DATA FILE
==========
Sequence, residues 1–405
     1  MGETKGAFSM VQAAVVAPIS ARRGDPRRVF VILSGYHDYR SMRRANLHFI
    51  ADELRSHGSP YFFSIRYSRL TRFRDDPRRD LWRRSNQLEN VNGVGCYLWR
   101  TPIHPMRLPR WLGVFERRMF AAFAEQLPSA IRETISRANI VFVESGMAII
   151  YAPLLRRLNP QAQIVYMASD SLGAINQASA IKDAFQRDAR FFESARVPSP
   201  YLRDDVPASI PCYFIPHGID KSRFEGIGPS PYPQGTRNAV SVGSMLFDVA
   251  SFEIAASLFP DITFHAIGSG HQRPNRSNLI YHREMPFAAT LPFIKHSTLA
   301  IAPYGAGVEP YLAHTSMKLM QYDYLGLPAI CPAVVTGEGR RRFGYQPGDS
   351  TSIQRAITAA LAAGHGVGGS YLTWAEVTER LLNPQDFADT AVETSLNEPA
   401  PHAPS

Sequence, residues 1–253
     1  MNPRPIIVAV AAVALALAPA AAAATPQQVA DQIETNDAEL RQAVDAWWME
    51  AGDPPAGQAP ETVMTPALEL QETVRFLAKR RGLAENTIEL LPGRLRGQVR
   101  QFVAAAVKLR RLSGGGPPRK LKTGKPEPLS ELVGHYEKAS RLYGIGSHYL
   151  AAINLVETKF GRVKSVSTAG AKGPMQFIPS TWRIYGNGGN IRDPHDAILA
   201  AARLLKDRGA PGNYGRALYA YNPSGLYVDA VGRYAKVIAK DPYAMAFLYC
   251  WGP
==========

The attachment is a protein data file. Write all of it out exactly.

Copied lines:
Sequence, residues 1–405
     1  MGETKGAFSM VQAAVVAPIS ARRGDPRRVF VILSGYHDYR SMRRANLHFI
    51  ADELRSHGSP YFFSIRYSRL TRFRDDPRRD LWRRSNQLEN VNGVGCYLWR
   101  TPIHPMRLPR WLGVFERRMF AAFAEQLPSA IRETISRANI VFVESGMAII
   151  YAPLLRRLNP QAQIVYMASD SLGAINQASA IKDAFQRDAR FFESARVPSP
   201  YLRDDVPASI PCYFIPHGID KSRFEGIGPS PYPQGTRNAV SVGSMLFDVA
   251  SFEIAASLFP DITFHAIGSG HQRPNRSNLI YHREMPFAAT LPFIKHSTLA
   301  IAPYGAGVEP YLAHTSMKLM QYDYLGLPAI CPAVVTGEGR RRFGYQPGDS
   351  TSIQRAITAA LAAGHGVGGS YLTWAEVTER LLNPQDFADT AVETSLNEPA
   401  PHAPS

Sequence, residues 1–253
     1  MNPRPIIVAV AAVALALAPA AAAATPQQVA DQIETNDAEL RQAVDAWWME
    51  AGDPPAGQAP ETVMTPALEL QETVRFLAKR RGLAENTIEL LPGRLRGQVR
   101  QFVAAAVKLR RLSGGGPPRK LKTGKPEPLS ELVGHYEKAS RLYGIGSHYL
   151  AAINLVETKF GRVKSVSTAG AKGPMQFIPS TWRIYGNGGN IRDPHDAILA
   201  AARLLKDRGA PGNYGRALYA YNPSGLYVDA VGRYAKVIAK DPYAMAFLYC
   251  WGP